VANCOUVER (NEWS 1130) – Most critical calls in high volume areas have been unaffected by paramedic and emergency dispatch staff shortages, according to BC Emergency Health Services.
However, some non-critical patients have been waiting and will continue to wait longer than normal until a number of vacancies are filled, says Neil Lilley, senior director of BCEHS.
“We do know that some patients with less-urgent conditions may be waiting longer at peak times, as we respond to the life-threatening and urgent calls,” he says in a statement.
“We know it is stressful waiting for an ambulance, and we are working hard on many fronts to ensure adequate ambulance resources.”
The ambulance and dispatch service provider which operates under the Provincial Health Services Authority says service shortages last weekend were not as bad as stated by the paramedics’ union.
Cameron Eby, who speaks for Ambulance Paramedics of British Columbia says between 25 and 40 units were out of service during night shifts, accounting for up to 50 per cent of available resources.
BCEHS countered that claim, saying only 15 units sat idle and pointing to a number of reasons that could be the case.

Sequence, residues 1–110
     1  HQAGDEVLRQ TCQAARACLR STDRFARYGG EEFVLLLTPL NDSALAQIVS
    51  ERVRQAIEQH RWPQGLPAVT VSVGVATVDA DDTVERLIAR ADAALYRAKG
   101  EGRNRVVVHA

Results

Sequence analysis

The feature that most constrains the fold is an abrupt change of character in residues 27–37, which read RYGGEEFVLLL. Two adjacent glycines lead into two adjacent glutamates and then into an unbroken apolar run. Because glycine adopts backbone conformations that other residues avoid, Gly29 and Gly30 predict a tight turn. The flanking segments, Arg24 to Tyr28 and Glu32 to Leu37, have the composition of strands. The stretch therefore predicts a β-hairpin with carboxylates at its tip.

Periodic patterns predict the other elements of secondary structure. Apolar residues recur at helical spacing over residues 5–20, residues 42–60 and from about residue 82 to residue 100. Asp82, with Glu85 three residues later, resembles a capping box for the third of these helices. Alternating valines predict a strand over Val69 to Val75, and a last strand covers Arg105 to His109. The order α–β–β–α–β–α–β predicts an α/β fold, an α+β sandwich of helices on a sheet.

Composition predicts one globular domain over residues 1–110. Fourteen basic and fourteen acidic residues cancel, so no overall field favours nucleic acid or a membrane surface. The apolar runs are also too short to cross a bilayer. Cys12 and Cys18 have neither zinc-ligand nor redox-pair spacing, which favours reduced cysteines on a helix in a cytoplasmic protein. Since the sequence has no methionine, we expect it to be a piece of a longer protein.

Eby says their numbers just aren’t correct – he has been corresponding with paramedics on shift to keep track of service issues and says he has seen multiple nights with more than 15 ambulances out of commission in the last six weeks.
“[BCEHS is] suffering shortages, and that’s increasing the workload and fatigue in that situation as well. So whether you’re making a 911 call or waiting for the paramedics to arrive, it seems like staffing is an issue as well,” says Eby.
BCEHS pointed to the overdose crisis and the province’s ageing population as factors that are taking a toll on paramedics and straining resources.
“Out of service” refers both to unstaffed ambulances as well as “unavailable” units.
Ambulances are considered unavailable when paramedics are temporarily tied up with cleaning, maintenance, administrative functions or at a hospital.